We know that just enough coffee can perk you up, and too much coffee can keep you up. Now, scientists are saying that moderate amounts of coffee can improve your cognitive abilities.
People who consistently drink one to two cups of coffee per day throughout their lives and don’t regularly drink more than that significantly decrease their chances of developing mild cognitive impairment (MCI), according to researchers.
For the study, which was published in the Journal of Alzheimer’s Disease, researchers tested mice to see how caffeine affected their brains. They discovered that caffeine might protect the brain from a build-up of amyloid protein plaque, the sticky substance found in the brains of people with Alzheimer’s disease, as well as reduce damage caused by the plaque. The team also looked at the coffee consumption of 1,445 Italians aged 65 to 84 and tracked the participants’ mental health for a median of 3.5 years.
Lead author Dr. Vincenzo Solfrizzi says the findings show that further studies are needed on the subject – studies with more subjects and longer follow-up periods that could go a long way toward helping people prevent Alzheimer’s and dementia through diet.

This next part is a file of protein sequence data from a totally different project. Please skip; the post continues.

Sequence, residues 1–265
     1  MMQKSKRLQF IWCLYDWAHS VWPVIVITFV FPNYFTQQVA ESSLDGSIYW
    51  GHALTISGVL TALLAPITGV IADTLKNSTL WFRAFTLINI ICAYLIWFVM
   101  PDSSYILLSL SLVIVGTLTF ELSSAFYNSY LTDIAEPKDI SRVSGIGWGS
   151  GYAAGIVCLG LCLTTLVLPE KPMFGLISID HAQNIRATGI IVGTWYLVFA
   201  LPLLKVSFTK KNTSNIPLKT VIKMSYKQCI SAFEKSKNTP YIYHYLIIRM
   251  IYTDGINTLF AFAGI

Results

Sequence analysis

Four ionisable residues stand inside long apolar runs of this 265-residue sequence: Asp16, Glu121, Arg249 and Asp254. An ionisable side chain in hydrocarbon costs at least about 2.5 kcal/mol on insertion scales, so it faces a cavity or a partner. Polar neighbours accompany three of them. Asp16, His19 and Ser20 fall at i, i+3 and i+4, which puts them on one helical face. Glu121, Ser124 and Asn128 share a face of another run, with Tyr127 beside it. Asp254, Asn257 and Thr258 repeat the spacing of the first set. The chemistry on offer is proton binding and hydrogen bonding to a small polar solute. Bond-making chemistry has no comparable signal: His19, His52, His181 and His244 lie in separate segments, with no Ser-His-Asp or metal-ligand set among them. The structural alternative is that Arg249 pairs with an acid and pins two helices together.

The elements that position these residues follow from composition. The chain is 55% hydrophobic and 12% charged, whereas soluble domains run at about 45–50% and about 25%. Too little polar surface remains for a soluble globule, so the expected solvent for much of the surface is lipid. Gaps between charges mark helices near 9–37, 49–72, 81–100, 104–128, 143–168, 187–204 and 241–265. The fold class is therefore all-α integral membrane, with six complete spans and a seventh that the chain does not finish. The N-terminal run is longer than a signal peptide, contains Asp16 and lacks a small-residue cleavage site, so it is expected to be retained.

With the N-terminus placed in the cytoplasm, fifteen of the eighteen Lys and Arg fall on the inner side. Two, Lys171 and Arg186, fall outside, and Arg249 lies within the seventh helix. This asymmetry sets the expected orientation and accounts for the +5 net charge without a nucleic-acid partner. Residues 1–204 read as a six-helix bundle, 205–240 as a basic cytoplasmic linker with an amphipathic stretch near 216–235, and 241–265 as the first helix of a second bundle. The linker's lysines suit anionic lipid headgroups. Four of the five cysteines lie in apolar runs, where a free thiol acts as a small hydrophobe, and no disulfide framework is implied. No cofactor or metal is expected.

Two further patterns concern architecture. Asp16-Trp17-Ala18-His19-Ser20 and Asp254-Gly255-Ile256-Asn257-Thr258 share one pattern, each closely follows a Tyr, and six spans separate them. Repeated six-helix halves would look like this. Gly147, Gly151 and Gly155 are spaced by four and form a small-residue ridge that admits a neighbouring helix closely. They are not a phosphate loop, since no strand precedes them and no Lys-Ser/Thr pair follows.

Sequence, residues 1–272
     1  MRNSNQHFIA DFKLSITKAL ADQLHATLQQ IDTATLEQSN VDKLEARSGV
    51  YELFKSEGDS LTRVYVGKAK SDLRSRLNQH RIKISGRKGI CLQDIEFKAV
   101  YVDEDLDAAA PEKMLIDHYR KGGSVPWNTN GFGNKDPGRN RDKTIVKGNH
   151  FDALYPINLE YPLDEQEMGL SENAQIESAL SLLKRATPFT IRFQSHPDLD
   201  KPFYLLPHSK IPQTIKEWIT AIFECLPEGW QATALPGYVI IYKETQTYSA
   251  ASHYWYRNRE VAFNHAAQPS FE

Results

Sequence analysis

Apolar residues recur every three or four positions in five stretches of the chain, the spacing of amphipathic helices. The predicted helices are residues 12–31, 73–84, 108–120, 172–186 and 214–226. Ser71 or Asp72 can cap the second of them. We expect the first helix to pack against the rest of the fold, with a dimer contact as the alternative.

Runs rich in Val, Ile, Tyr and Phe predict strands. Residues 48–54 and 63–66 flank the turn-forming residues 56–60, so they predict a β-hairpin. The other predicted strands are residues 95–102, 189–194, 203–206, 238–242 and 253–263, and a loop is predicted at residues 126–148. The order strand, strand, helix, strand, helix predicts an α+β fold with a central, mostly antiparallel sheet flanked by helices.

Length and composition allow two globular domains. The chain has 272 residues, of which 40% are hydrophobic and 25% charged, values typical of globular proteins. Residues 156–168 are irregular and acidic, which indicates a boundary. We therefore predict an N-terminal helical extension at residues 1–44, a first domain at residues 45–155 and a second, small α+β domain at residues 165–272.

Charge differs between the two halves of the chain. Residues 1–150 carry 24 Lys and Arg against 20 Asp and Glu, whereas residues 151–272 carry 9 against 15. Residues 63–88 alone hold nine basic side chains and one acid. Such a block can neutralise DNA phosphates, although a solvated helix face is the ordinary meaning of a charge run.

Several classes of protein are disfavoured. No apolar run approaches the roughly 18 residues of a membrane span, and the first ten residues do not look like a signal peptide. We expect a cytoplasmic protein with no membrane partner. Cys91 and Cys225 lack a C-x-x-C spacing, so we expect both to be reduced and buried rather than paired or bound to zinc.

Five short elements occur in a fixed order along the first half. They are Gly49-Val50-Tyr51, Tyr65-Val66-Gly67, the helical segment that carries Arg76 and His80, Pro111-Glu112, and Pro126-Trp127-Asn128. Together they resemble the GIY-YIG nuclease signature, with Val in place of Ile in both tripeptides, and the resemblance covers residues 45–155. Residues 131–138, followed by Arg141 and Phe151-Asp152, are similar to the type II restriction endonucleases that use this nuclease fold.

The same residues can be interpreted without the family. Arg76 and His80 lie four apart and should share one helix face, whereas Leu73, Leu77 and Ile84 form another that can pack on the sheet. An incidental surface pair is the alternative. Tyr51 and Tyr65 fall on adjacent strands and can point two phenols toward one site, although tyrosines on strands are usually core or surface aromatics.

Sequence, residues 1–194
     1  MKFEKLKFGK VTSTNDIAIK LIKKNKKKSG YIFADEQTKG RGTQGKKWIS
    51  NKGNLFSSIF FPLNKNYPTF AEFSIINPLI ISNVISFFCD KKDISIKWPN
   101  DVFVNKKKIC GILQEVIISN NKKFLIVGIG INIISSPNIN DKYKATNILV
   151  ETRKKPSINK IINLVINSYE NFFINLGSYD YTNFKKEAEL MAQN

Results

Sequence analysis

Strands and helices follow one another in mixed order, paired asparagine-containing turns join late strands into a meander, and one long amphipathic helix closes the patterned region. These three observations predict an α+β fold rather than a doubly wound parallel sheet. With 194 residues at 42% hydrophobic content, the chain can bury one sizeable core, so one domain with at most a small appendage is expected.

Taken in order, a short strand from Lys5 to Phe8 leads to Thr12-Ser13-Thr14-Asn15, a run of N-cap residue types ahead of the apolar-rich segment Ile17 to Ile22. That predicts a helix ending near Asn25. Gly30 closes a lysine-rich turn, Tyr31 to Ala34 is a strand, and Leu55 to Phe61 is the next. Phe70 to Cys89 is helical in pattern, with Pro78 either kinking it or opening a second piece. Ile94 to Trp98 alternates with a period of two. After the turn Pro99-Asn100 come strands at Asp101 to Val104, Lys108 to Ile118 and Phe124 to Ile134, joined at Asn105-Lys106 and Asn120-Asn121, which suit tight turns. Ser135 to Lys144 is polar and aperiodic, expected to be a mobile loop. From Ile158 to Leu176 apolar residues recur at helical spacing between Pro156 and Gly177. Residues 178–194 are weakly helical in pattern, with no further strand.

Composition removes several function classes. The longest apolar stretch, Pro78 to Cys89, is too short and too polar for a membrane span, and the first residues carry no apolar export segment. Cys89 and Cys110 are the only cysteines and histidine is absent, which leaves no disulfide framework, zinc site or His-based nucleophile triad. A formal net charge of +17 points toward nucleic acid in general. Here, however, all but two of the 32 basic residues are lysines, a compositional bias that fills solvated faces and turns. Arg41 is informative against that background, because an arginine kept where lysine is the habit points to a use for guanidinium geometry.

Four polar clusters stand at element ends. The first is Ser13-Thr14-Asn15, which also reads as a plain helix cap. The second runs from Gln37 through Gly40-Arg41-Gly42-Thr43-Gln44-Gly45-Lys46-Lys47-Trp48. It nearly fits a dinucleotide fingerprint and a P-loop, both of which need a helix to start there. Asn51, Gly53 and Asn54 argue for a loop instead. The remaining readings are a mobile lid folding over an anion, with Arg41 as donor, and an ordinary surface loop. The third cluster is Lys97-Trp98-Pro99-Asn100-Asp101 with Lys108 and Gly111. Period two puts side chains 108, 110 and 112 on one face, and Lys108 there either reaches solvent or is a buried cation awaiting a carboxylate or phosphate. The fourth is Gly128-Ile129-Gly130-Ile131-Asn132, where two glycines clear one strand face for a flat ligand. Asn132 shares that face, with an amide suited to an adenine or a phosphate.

Previous studies have shown that moderate amounts of coffee consumed over long periods of time can enhance memory performance, particularly when it comes to repetitive, monotonous tasks; others have suggested that consuming large amounts of coffee can reduce performance due to over-stimulation. Both conclusions agree with those of Solfrizzi et al. The European Food Safety Authority has also cited research showing that 75 mg of caffeine consumption per day improves alertness.
Solfrizzi and his colleagues warned that some people, particularly the elderly, should not suddenly start drinking coffee or increase the amount of coffee they habitually drink, as this actually increases the chance of developing MCI. The team of scientists found that the rate of MCI rose over time for seniors who increased their daily intake by a cup of coffee or more daily. Those individuals were found to have an MCI rate of about one-and-a-half times higher than participants who were long-time, moderate coffee drinkers whose intake didn’t increase.
“Older individuals who never or rarely consumed coffee and those who increased their coffee consumption habits had a higher risk of developing MCI” compared to moderate coffee drinkers, one of the study’s authors said.
The same study also found that regularly drinking coffee lowers one’s chances of developing Type 2 diabetes. Data suggests that moderate caffeine intake might boost insulin sensitivity and thus cut the risk for the disease, which has long been linked to memory problems.
Julie Fidler is a freelance writer, legal blogger, and the author of Adventures in Holy Matrimony: For Better or the Absolute Worst. She lives in Pennsylvania with her husband and two ridiculously spoiled cats. She occasionally pontificates on her blog.